Two Albanian youngsters were set upon by a group of Serbs for speaking Albanian in what is being described as an ethnically driven hate crime.
Two Albanians were brutally beaten in Novi Sad, the capital of the Serbian region of Vojvodina, with one in critical condition.
Clirim Maloku and his friend, both Kosovo natives, were set upon by four Serb assailants on Sunday, October 7, after being heard speaking Albanian.
Speaking to TRT World, Demo Berisha, the head of the Albanian Association in Serbia, said the hate crime was a result of the youngsters "speaking Albanian."
Nineteen-year-old Clirim was waiting for a taxi when he was set upon by the unidentified individuals.
"While being attacked, Clirim suffered severe blows to his head and bleeding in the brain," said Taulant Letaj, a childhood friend, talking to TRT World.
According to Demo Berisha, tensions between Albanians and Serbs have been increasing and they have been expecting such a hate crime, in part due to rising regional tensions.
Clirim was born in 1999 when Serbia was attempting to ethnically cleanse ethnic Albanians from then occupied Kosovo.
He had migrated from his home town of Prizren to work as a baker in one of the many Albanian-run businesses in Novi Sad.
According to Berisha, there are more than 9,000 Albanians living in Vojvodina, representing more than 400 small and medium-sized businesses.
Berisha, after having established contact with the family of Clirim Maloku, was able to confirm to TRT World that he is stable but still in critical condition in Novi Sad's central hospital.
Serbia’s President Aleksandar Vucic, who recently praised the late Slobodan Milosevic – one of the chief architects of the Kosovo War that later died at the Hague awaiting trial for crimes against humanity – as “a great Serbian leader,” condemned the attacks against the Albanian youngsters.
Contrarily, Kosovo's prime minister said that "the attack on the two Albanians indicated that freedom of movement in the Serb state is not guaranteed" for Albanians.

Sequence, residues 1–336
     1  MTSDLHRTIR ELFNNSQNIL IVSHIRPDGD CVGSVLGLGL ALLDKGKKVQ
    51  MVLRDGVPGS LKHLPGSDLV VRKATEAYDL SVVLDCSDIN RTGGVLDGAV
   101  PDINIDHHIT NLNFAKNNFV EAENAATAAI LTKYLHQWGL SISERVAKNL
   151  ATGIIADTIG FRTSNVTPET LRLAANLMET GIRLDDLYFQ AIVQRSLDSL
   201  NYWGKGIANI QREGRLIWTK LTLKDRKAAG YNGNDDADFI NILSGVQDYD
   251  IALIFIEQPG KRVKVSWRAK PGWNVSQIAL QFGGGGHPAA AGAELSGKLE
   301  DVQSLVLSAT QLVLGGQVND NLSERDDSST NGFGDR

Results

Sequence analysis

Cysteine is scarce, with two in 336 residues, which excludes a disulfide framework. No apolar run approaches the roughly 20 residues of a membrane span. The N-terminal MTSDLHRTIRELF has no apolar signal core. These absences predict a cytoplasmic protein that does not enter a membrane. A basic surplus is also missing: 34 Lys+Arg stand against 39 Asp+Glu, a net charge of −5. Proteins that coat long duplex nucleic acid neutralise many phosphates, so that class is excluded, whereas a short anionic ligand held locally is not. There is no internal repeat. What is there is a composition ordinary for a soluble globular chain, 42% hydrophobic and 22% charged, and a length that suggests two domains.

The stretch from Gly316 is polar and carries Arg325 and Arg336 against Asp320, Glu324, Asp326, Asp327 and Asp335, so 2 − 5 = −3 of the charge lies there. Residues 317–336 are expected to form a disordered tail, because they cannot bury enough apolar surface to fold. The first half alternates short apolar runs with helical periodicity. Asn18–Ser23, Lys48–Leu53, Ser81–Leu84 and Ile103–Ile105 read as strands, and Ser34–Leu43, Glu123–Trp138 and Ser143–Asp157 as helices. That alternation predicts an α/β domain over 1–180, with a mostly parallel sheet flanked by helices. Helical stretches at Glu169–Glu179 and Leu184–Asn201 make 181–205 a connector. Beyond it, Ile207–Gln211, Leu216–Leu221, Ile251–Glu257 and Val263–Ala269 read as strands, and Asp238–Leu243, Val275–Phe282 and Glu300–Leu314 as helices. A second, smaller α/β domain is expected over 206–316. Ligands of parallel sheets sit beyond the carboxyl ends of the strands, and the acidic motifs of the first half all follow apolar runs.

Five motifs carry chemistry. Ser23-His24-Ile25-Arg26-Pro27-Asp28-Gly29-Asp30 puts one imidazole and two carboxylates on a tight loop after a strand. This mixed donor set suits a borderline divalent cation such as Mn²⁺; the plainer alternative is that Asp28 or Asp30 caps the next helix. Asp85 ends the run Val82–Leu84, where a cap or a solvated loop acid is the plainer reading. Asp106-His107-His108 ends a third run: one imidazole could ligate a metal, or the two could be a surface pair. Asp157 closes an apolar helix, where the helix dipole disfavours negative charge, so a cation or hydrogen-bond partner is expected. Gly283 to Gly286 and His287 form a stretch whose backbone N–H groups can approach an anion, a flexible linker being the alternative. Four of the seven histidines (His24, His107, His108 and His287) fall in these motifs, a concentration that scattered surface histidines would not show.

Kosovo declared independence from Serbia in 2008 after a brief and bloody war in 1999 that left 13,000 dead, most of which were ethnic Albanian, and more than 800,000 ethnic Albanians displaced due to Serb efforts to ethnically cleanse them.
The outstanding issue, however, remains: Serbia has thus far refused to give the location of more than 2,000 ethnic Albanians believed to be in mass graves.
The war caused billions of dollars of damage to Kosovo and war reparations continue to be a key sticking point. Pensions and bank deposits of Albanian employees have also been withheld, believed by many to have been taken by the Serb state.
Many of the Serbs that left Kosovo after the war were resettled in Vojvodina, an autonomous region of Serbia, causing tensions within the local Hungarian community.
More recently, there has been increasing talk between Serb President Aleksandar Vucic and Kosovo President Hashim Thaci of a land-swap deal between Kosovo and Serbia.
Kosovo would give up a Serb-majority enclave, while Serbia would give up an Albanian majority.
The discussions have proved highly controversial, especially in Kosovo where the vast majority of the population and the opposition parties are against such a deal.
Serbia does not recognise Kosovo while the other 111 countries do, representing a majority of the United Nations.